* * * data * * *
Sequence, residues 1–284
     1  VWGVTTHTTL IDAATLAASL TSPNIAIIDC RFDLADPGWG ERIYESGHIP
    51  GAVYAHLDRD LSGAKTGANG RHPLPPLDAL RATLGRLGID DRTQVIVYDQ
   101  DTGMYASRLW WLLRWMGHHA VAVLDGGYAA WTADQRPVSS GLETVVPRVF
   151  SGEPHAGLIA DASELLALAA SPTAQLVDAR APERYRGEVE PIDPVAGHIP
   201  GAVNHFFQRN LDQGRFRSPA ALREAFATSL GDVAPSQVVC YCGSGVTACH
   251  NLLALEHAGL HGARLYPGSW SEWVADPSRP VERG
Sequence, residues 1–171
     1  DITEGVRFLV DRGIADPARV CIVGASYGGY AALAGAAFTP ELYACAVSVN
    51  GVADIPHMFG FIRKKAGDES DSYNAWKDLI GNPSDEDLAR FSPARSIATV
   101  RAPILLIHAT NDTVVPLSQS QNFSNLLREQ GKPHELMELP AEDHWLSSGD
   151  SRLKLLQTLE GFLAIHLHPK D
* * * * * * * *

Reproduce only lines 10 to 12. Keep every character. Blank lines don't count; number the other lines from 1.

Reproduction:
    51  GVADIPHMFG FIRKKAGDES DSYNAWKDLI GNPSDEDLAR FSPARSIATV
   101  RAPILLIHAT NDTVVPLSQS QNFSNLLREQ GKPHELMELP AEDHWLSSGD
   151  SRLKLLQTLE GFLAIHLHPK D